Ontario’s education minister calls them “responsible decisions” that were made following a detailed look at school board spending, but a provincial student group is warning that at-risk youth are taking the biggest hit in the government’s $25-million cut to specialized programs.
“A lot of these programs are there to help students who are more vulnerable — those students will be the most impacted” by the loss of programs, said Amal Qayum, president of the Ontario Student Trustees’ Association.
“We urge the government, moving forward, to make decisions after consulting all stakeholders, especially students.”
On Friday, the PC government sent out a series of emails to school boards, announcing cuts and changes to funding for EPO — “other” education programming — that had been pledged by the previous Liberal government last spring.
Focus on Youth, which provided after-school jobs and programming for youth in high-poverty neighbourhoods, is gone, as are $2,500 Speak Up grants, which gave students a chance to make a pitch for an activity or event to help make change in their neighbourhood.
Education Minister Lisa Thompson said Monday at Queen’s Park that “we have done a lot of work and the decisions that we made regarding EPO reflect our priorities.
“We actually have had a lot of foresight and we spent a lot of time working on this initiative and our teams have gone through, for quite some time, line item by line item, and we feel that we have made very responsible decisions,” she said.
NDP Leader Andrea Horwath called the changes “callous” and “shocking.”
If the government isn’t replacing the axed programs, “then they are leaving a whole lot of very vulnerable and marginalized kids without the supports that we know — based on lots of research, and reports, and inquests — that we need,” said NDP education critic Marit Stiles.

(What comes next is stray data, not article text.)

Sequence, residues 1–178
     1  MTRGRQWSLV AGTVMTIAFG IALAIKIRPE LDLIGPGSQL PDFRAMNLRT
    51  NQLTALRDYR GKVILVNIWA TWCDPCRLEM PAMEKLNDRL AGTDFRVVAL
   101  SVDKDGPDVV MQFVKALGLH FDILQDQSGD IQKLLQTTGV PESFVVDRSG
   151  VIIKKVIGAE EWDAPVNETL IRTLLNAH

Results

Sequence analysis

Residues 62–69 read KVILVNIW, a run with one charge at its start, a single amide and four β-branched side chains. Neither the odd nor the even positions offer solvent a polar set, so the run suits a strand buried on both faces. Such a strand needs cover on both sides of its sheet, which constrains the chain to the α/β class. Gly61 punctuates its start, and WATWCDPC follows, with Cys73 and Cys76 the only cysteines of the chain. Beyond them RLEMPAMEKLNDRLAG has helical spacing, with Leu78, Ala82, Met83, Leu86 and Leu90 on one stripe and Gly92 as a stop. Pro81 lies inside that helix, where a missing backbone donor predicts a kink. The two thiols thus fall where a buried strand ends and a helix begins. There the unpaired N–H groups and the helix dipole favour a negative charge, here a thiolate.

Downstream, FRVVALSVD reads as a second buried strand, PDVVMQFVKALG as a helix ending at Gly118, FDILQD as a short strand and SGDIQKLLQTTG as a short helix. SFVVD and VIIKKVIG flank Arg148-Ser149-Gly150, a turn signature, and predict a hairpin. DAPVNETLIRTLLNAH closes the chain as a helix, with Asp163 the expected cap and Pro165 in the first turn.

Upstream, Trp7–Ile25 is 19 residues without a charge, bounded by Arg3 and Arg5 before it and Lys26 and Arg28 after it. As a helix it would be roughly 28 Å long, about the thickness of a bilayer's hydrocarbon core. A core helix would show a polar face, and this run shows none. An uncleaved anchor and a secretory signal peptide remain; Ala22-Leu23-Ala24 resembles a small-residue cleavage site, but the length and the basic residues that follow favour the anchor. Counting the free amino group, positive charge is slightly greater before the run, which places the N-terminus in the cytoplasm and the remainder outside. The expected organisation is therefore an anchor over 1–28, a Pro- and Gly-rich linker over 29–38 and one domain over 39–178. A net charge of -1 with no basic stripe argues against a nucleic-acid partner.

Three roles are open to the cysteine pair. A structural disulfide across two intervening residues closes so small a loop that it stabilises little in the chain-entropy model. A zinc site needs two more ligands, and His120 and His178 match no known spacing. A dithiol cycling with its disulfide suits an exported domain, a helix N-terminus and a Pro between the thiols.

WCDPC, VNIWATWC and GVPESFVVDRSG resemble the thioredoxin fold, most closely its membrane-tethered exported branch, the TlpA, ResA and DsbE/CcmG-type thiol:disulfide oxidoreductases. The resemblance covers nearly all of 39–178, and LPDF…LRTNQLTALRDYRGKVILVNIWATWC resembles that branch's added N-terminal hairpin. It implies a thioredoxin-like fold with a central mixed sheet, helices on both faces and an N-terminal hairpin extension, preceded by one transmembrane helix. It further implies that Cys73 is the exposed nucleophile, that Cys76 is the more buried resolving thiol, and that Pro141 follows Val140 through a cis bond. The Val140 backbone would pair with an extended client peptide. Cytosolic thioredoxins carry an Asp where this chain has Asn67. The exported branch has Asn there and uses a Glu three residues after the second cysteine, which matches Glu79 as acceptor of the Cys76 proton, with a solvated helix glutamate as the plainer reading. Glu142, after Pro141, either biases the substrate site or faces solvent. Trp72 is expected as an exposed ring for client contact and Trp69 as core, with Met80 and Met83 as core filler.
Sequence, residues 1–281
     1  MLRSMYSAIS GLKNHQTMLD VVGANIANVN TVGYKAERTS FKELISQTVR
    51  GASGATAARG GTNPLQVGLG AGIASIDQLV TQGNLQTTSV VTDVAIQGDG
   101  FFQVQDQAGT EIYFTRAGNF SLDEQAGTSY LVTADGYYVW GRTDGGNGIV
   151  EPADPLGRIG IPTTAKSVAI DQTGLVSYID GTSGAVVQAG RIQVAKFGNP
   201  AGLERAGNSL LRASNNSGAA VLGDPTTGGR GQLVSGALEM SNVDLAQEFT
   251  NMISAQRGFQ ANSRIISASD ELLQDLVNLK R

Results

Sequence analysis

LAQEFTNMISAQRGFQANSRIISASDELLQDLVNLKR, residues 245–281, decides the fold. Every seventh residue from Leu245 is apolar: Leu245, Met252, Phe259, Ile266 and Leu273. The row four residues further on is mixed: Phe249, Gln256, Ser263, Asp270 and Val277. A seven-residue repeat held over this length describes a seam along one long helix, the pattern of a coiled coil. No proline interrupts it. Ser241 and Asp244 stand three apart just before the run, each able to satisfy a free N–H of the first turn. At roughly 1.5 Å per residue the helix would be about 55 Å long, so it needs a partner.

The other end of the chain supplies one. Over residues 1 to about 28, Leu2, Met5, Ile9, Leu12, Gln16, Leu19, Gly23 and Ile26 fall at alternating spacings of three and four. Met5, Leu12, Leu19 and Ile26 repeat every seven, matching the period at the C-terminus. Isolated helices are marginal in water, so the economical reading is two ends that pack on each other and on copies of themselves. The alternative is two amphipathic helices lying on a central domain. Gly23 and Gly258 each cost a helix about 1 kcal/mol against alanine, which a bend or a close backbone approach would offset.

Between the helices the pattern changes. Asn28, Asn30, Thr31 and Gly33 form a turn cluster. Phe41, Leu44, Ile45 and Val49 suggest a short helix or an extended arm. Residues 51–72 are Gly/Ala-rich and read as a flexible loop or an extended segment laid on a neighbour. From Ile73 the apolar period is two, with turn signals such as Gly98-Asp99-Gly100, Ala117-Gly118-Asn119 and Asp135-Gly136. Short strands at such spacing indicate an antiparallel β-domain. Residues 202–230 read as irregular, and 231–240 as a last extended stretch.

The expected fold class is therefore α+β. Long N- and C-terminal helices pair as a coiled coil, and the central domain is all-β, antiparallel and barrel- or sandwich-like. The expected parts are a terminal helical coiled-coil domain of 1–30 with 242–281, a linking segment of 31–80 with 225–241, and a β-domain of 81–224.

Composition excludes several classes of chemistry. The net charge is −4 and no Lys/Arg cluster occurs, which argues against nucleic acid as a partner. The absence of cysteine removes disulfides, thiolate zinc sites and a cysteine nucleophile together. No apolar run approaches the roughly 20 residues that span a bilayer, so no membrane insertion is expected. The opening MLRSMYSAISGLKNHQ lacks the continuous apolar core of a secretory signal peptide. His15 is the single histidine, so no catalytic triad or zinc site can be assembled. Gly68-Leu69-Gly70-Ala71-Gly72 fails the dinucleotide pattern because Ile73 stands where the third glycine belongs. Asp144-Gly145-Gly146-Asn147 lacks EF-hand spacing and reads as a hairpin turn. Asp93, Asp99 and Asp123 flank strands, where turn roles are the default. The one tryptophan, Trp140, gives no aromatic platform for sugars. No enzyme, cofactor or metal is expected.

Toronto Catholic school board chair Maria Rizzo questioned Thompson’s assertion that the cuts are “responsible.”
The loss of a program that involved “hiring college and university students to tutor students in elementary school — how responsible is that?” Rizzo said, adding one of her board’s high schools is losing a math and technology program. “If the government cares about math, why would they cut it?”
Annie Kidder, of the research and advocacy group People for Education, suspects the affected programs are those the province deems to be “non-core,” which the government asked about during its public consultation process that wrapped up a day after the government announced the cuts.
“What’s important is making sure that all of these kinds of programs are funded, whether they’re funded through education or some other ministry,” said Kidder.
Cathy Abraham, president of the Ontario Public School Boards’ Association, said “I really don’t know what data they are looking at that says tutors in the classroom” is not getting value for the money, and it will now be up to boards to fill the gaps.
With files from Rob Ferguson
Kristin Rushowy is a Toronto-based reporter covering Ontario politics. Follow her on Twitter: @krushowy
Isabel Teotonio is a Toronto-based reporter covering education. Follow her on Twitter: @Izzy74